ties can be corrected by nasodiaphragmatic breathing          These movements often trigger yawning reflexes,
          exercises. Nasal valve exercises include acquiring an         which are effective in opening the Eustachian tubes
          awareness of nostril dilation and working against resis-      and therefore constitute an integral part of the rehabi-
          tance (the therapist's thumb and forefinger).                 litation program.
          Diaphragmatic function can be improved by exercises
          against pressure from the therapist's hand placed on the      4. Autoinsufflation
          epigastric region. The next step consists in achieving        Autoinsufflation is a passive maneuver whose effects
          synchrony between nasal breathing and diaphragmatic           are transient when it is used alone [1, 4]. Nevertheless,
          breathing.                                                    the improvements in subjective symptoms (autophony
                                                                        and ear fullness) constitute an incentive to repeat the
          3. Exercises for the velopharyngeal sphincter                 autoinsufflations, which may improve middle-ear ven-
          At rest, the Eustachian tube is normally closed. The          tilation.
          tube opens chiefly during swallowing and yawning.             - The Valsalva maneuver is the simplest and best known
          Cineradiography, endoscopy, and electromyography              autoinsufflation method. The pads of the thumb and
          coupled with                                                  forefinger should be placed under the nostrils instead
          sonomanometry and sonotubometry [6] have been used            of being used to pinch the nose [3]. The Valsalva
          successfully to identify the main movements respon-           maneuver is not consistently effective in patients with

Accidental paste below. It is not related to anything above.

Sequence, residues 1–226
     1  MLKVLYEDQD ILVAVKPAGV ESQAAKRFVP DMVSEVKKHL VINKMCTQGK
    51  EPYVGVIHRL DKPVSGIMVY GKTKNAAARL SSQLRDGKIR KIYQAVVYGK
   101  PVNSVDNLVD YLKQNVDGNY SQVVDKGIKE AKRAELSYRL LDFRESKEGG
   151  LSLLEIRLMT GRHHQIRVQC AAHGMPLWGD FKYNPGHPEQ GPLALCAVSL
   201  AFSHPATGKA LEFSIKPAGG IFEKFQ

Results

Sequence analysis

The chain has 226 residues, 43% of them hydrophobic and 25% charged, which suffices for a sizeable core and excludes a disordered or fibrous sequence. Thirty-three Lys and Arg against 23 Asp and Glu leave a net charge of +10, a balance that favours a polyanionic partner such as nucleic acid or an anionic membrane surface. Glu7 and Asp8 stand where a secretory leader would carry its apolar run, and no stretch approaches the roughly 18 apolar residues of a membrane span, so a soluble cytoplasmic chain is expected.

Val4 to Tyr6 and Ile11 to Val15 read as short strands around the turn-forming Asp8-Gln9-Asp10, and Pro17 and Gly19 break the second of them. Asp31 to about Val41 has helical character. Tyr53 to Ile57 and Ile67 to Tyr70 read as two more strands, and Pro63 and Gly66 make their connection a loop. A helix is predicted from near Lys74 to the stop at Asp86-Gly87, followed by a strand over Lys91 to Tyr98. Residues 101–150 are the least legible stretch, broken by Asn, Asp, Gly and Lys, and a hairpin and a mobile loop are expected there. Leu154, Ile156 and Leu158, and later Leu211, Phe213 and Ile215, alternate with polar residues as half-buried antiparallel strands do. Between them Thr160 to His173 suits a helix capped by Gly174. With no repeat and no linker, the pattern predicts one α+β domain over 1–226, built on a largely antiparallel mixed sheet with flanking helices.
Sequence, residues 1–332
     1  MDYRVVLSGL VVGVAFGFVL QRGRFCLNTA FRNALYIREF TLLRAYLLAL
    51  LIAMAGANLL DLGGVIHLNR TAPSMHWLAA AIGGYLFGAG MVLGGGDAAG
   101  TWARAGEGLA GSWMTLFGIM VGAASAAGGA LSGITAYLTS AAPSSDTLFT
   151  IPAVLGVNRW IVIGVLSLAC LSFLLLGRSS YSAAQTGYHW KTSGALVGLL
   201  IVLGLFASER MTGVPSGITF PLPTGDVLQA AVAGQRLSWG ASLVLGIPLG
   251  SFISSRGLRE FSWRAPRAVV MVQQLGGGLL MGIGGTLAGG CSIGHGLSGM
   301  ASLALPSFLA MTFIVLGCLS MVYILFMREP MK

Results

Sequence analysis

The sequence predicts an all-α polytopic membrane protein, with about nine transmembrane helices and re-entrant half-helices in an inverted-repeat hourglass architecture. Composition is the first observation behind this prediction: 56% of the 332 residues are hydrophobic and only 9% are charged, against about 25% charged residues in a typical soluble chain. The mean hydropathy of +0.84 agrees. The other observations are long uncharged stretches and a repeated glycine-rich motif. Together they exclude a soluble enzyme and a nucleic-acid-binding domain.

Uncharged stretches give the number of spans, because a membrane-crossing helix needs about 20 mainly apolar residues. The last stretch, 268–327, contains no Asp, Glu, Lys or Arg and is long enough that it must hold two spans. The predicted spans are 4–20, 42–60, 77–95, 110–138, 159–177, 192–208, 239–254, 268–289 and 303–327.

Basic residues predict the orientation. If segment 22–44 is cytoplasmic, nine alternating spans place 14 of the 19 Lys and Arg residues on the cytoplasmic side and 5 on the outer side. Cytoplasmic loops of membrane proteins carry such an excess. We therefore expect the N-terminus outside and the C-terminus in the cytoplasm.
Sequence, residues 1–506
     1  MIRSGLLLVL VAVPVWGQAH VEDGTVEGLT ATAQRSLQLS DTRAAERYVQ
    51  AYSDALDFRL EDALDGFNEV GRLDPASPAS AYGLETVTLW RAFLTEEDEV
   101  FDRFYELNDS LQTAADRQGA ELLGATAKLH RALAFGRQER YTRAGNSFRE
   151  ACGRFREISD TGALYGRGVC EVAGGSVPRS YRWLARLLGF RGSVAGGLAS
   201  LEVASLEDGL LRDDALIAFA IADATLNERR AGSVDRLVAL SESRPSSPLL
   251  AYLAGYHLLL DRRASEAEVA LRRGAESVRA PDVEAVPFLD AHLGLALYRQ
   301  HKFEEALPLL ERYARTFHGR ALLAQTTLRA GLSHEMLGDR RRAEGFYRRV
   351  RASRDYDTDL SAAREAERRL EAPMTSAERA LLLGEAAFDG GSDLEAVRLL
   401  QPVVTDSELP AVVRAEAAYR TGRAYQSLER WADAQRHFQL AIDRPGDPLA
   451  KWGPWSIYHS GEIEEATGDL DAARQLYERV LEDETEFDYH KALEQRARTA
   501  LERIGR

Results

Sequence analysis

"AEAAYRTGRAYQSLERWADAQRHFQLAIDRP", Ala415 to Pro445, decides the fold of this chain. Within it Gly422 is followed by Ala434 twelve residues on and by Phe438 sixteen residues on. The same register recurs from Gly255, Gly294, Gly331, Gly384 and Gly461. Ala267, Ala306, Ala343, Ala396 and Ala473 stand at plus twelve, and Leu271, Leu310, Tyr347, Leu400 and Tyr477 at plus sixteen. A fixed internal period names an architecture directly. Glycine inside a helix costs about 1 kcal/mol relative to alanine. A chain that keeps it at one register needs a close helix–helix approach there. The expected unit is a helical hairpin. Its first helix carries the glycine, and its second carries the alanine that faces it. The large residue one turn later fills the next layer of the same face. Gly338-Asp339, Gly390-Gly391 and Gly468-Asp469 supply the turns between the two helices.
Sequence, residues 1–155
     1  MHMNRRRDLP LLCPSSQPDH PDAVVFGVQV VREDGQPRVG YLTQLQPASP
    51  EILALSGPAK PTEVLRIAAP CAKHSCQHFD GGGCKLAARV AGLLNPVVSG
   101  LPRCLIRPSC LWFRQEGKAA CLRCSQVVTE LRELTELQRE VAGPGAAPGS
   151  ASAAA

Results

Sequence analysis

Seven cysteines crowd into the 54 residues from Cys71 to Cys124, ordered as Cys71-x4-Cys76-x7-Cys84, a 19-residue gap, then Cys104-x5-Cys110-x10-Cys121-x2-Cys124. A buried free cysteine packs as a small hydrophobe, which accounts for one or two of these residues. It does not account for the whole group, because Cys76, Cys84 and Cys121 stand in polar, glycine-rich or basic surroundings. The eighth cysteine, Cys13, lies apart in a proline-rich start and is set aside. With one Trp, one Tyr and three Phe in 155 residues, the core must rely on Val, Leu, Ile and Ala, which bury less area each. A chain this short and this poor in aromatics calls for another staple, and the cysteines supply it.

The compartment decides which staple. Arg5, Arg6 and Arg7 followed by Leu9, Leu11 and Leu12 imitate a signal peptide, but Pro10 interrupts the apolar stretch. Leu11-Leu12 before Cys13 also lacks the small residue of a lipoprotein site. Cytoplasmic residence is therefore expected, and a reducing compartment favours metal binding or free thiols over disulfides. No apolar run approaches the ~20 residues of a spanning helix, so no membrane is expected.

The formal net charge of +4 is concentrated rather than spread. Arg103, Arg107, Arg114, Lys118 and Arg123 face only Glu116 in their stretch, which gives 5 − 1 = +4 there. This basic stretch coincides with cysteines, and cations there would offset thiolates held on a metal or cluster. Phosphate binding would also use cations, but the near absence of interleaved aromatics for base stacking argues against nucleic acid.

sible for Eustachian tube opening.                            Eustachian tube dysfunction. Another technique should
          During swallowing, the soft palate moves downward,            be tried if the opening pressure is too high.
          the tongue backward, and the hyoid bone upward.               - The Misurya maneuver [2] is more difficult to per-
          Velopharyngeal contraction is greatest at the isthmic         form but can be taught to children aged 5 years or older.
          phase, when the food is ready to travel through the           There are three phases: first, the patient takes a gulp
          isthmus. The tenor and levator veli palatini muscles,         of air then holds his or her breath while closing the lips
          as well as the uvulopharyngeal muscles, contract syn-         and puffing the cheeks out; the palm of the hand is then
          chronously for about 0.60 seconds.                            placed over the mouth, the nostrils are occluded, and
          Protraction of the jaw increases the anteroposterior          the fingers are placed on the cheeks, still without brea-
          diameter of the pharynx, and when the isthmus                 thing; and finally the hand is used to compress the
          contracts at the same time the Eustachian tubes open.         cheeks during a swallow, which transmits the pressure
          Yawning causes the soft palate to move upward, the            of the oral cavity (160 mm Hg) to the middle ear.
          tongue to flatten, the pharynx to dilate, and the hyoid       - Party noise makers or balloons can be helpful. They
          bone to move downward. The Eustachian tubes open              provide useful entertainment. However, we believe that
          at the acme of the yawn.                                      these methods are of limited value when used alone [5].
          Synergy among muscles during these movements is
          important [1]. Familiarity with concomitant move-             Although autoinsufflation exerts positive effects, we do
          ments, most notably of the hyoid bone, allows the the-        not believe that it is a component of ETRT.
          rapist to check that the exercises are performed pro-         Autoinsufflation requires specific equipment and the
          perly. Awareness of the movements by the patient is           presence of a professional. In our opinion, ETRT can

           243 - Fr ORL - 2006 ; 91
mp ORL 91 AW   15/01/07    11:03    Page 244




                 Eustachian tube rehabilitation therapy: indications, techniques, and results


          be taught then continued by the patient alone (or with         tion. However, ETRT can help patients who experience
          the help of a parent for young children).                      pressure equalization difficulties during altitude
                                                                         changes, most notably air travel. Professional and
          5. Rehabilitation therapy in practice                          recreational divers can benefit also. ETRT was first used